Functional Programming eXchange 2009

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Monday, 7th December in London

6 experts spoke.


Skills Matter is pleased to organise the first annual Functional Programming eXchange. We hope to bring together the leading innovators in the Functional Programming community with the UK's enterprise developer community, for an informal day of deep technical insight, inspiration, innovation and friendly discussion.

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Computation Abstraction

For a long time, and due to the lack of main FP concepts in most mainstream languages, we have missed opportunities for abstraction, code expressiveness and conciseness. With today's democratization of FP, Computational Abstraction is what will enable us to be less dependent on what specific programming language syntax may offer, creating libraries of control structures and composition forms that help find concise and expressive solutions for enterprise programming challenges

Sadek Drobi

Sadek Drobi is a software engineer specializing in design and implementation of enterprise applications with a particular focus on bridging the gap between the problem domain and the solution domain. Sadek also regularly contributes articles on InfoQ

Supercharged Rabbit: Resource Management at High Speed in Erlang

RabbitMQ has been written in Erlang since its conception, in summer 2006. Since then the Rabbits have been getting more reliable, more scalable and faster. Recently we have embarked on a large modification of Rabbit to address resource management issues and increase scalability. This talk will extol the virtues and otherwise of functional programming and writing in Erlang, along with the challenges we are addressing and how we're overcoming them.

Matthew Sackman

Matthew works for LShift Ltd in London as a senior developer. He is one of the core developers of RabbitMQ, working in everything from Erlang and Java to Shell and Make.

F# and Units-of-measure for Technical Computing

This talk is about F# and Units-of-measure for Technical Computing. F# (shipped in Visual Studio 2010) is a functional programming language that supports static checking and type inference for units-of-measure. Even in the simplest applications, units-of-measure can act as a valuable additional check for the correctness of the code.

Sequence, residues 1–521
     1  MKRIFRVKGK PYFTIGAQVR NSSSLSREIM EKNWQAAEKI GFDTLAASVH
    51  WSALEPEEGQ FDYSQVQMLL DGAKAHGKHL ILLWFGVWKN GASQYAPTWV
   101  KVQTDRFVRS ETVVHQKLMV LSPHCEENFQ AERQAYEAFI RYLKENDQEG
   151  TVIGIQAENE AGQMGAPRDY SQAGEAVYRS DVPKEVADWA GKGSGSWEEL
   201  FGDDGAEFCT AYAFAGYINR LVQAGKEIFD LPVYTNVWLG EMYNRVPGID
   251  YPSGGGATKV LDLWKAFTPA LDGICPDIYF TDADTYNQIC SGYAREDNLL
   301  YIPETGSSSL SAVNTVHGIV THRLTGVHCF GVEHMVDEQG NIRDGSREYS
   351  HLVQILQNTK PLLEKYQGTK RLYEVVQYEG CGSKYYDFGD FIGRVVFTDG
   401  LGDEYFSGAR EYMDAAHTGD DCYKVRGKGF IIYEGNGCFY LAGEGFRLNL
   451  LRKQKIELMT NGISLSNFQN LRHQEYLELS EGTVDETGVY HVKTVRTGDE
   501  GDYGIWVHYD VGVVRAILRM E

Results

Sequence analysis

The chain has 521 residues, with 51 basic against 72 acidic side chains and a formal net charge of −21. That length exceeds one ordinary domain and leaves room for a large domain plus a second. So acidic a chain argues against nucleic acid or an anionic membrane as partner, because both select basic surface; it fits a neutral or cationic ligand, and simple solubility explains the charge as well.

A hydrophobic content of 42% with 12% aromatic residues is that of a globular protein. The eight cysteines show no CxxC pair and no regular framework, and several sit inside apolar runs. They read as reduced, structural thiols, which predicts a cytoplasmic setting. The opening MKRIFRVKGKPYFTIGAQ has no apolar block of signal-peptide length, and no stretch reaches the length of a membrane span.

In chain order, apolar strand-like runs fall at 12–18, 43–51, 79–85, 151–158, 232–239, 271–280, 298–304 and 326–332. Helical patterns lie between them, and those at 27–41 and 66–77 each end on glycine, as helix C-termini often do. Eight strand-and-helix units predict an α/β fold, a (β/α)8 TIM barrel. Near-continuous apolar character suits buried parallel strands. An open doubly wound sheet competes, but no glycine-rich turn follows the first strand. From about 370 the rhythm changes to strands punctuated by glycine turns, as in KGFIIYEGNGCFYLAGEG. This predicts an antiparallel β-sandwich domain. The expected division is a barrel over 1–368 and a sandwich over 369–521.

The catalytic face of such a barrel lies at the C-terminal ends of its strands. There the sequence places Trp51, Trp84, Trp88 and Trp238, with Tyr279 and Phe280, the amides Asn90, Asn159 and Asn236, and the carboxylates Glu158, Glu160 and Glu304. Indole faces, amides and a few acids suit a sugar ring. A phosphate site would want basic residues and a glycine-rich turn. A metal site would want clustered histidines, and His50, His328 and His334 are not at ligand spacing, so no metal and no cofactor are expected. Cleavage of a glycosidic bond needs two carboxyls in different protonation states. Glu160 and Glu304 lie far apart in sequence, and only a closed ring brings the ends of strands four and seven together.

I will start by giving an introduction to units-of-measure and their implementation in F#. I'll work through smaller and larger code examples that make use of units-of-measure. As a large application, I'll detail a wrapper for a mathematical programming and optimization toolbox (Microsoft Solver Foundation) that handles units-of-measure transparentl

Anton Schwaighofer

Anton Schwaighofer is working as an Applied Researcher at Microsoft Research Cambridge. His current area of focus is data analysis & machine learning, with applications to online advertising. He is a computer scientist by training, but moved on to wo

Parkbench Panel Discussion

Just after lunch, we'll hold the first ParkBench Panel discussion, led by Robert Pickering, to discuss ideas, stuff we learned during the morning and things we would like to hear more about. Delegates will not only be able to ask their questions to the speakers of the expert talks, but are also actively encouraged to join the panel to express their opinion or share their experience!

Functional Programming for Quantitative Modelling at Credit Suisse

Credit Suisse's Global Modelling and Analytics Group (GMAG) has been using functional programming in a number of guises for several years, starting with an in-house language built around Excel, then domain-specific languages and other code generation tools with Haskell and most recently using F# for the delivery of models and other software directly into production environments. This talk will discuss why Credit Suisse has adopted functional programming and the challenges and benefits that it has brought.

Ganesh Sittampalam

Ganesh works for Credit Suisse's Global Modelling and Analytics Group in London, developing tools and infrastructure for the bank's quantitative modellers, using both Haskell and F#. He also organises the London Haskell User Group and is a contributo

Strong Types and Pure Functions

This talk is about the software engineering benefits we can obtain by controlling side effects. By starting with pure functions and using types to mark actions with side effects we can build custom computational environments and have strong guarantees about what side effects are permitted and are not permitted. We will look at where these guarantees can help us, particularly in enforcing interface contracts.

Duncan Coutts

Duncan is a Haskell consultant, computer scientist and Haskell community member. He holds a PhD in computer science and has been using Haskell for nearly 20 years. He is a founding partner of Well-Typed LLP where he has spent over 10 years helping a variety of customers build applications in Haskell and making improvements to the Haskell toolchain.

Using combinators to tackle the HTML rendering problem

Rendering HTML that is dynamic and looks good the many browsers people use today is a tricky problem. In this presentation we’ll dig into one part of the WebSharper platform, a new product from IntelliFactory, that aims to tackle this problem by using a DSL/combinator approach.

Robert Pickering

Robert Pickering is a software engineer with an interested in using functional programming, particularly F#, to solve real world problems.


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